Rite Aid opened other small-format pharmacies in Greenville, about 40 minutes from Craigsville, and in Scottsville, which straddles Albemarle and Fluvanna counties, in April of this year. All three stores are part of a Rite Aid pilot program aimed at increasing access to pharmacy services in underserved communities in rural Virginia. Fluvanna County, for example, is experiencing an extreme shortage of primary care providers, with only six physicians to serve more than 26,000 residents, according to Surescripts data. And one third of Craigsville’s residents live in poverty.
“We are excited to introduce Rite Aid to these local Virginian communities and provide vital pharmacy services and healthcare much closer to home,” said Rite Aid Chief Pharmacy Officer Karen Staniforth. “Pharmacists play an important role within a community and can help customers understand their health conditions, stay adherent on their medications and vaccinations and provide over-the-counter product recommendations. Our local pharmacy teams look forward to becoming an integral part of these communities and serve as trusted care advisors and help our customers achieve whole health for life health.”
Rite Aid is clearly on to something. According to a recent Surescripts report, nearly half of all U.S. counties, 3,233 in total, have too few primary care providers (PCPs), with just one PCP for every 1,500 people. By 2034, the U.S. may face a shortage of up to 124,000 physicians. Pharmacists have opportunities to fill gaps in primary care: 61% of counties with a relative PCP shortage also have a high or medium volume of retail pharmacies, an opportunity for pharmacists to address unmet needs in patient care—with many in rural areas of the Midwest and South.
Learn more about counties with primary care provider shortages, where pharmacists can fill gaps in care. Is your county one of them?
Minnich also enjoys the opportunities to provide clinical care that his patients might not otherwise receive. “We’re already making life-changing alterations in people’s lives. We’re able to catch vaccinations that my patients need; we have time to do medication therapy management and improve adherence…we also counsel everybody on any medication. And if it’s a first fill, say for diabetes, we go a little deeper, saying ‘Hey, how often do you check your sugar? What’s it usually like?’”
Minnich accesses patient-specific health information through a robust software system. It enables him to electronically contact doctors for refill requests, prescription changes and electronic prior authorizations. The system also prioritizes patient health by showing vaccinations that may be appropriate for each patient based on age and disease state – functionality Minnich said he used with the patient who arrived for a refill and left with a booster.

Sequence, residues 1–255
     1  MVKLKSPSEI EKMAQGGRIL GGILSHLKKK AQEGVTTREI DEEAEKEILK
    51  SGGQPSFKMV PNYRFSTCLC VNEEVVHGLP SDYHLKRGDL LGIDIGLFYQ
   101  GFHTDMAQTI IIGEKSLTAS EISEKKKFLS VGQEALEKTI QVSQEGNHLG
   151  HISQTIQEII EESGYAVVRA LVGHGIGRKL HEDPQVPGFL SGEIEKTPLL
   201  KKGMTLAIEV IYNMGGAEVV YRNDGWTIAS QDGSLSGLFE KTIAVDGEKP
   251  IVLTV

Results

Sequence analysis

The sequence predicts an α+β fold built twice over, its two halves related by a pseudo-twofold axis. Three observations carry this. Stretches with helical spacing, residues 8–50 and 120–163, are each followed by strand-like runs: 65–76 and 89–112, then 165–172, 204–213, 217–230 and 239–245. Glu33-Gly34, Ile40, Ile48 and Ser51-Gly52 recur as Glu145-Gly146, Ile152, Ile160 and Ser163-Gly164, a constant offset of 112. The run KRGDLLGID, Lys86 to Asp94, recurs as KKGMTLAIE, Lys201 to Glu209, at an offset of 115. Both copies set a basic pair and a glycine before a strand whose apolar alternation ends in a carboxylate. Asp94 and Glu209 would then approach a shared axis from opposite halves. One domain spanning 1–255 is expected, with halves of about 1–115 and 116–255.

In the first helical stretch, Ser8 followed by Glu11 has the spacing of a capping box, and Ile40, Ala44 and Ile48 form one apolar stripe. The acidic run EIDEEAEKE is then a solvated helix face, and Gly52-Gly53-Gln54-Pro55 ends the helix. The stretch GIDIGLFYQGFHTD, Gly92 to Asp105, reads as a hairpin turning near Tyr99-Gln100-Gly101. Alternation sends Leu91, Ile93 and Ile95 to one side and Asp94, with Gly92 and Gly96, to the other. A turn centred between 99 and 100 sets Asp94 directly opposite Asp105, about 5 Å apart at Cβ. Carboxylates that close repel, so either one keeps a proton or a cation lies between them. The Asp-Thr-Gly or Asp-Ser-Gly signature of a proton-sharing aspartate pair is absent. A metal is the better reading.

“So, when you first got here, the woman that had pulled up in a pickup is a great example. I saw that she was due for a few shots, so I said, ‘Hey, do you need a pneumonia shot? My system says you’re due for one.’ And then I just talked with her about it. She then shared, ‘Oh, I need my second shingles shot as well.’ The system really helps to identify the patients and get them into the pharmacy for the care they need.”
Just nine miles down the road in the town of Goshen, Craigsville resident Glenna Lawhorn took a break from running her restaurant, BG’s 2. She said everyone she’s talked with has had a positive experience with the new Rite Aid, noting that she’s transferred all her prescriptions from a hospital 30 miles away.
“I was glad to hear that Rite Aid moved in,” said Lawhorn. “They make contact with you, like I called in a prescription today that I am trying to get transferred and Ryan called me saying that he was going to call the doctor to get the milligrams right. They’re personal.”
Crystal Burke, of Goshen, who was having lunch at the restaurant, has been impressed, as well. She’s had both her mother and daughter’s prescriptions transferred from a large chain store to the Craigsville Rite Aid. “I called Dr. Minnich and he called the store and transferred everything,” she said. “One prescription was slow to come in, so he gave my mother three-days’ worth. And he got the medication in the very next day.”
For his part, Minnich says he’s determined to fiercely advocate for what’s best for his patients, whether with their doctor or the insurance company. And he wants to build lasting connections with the people of Craigsville.
“Having the opportunity to care for the people of Craigsville means the world to me,” said Minnich. “To have a community that I can rally behind and who can take pride in me and the pharmacy is a treasure not many will ever get to experience.”
Pharmacists are well-positioned to fill gaps in care—if they can get the tools, information and support they need.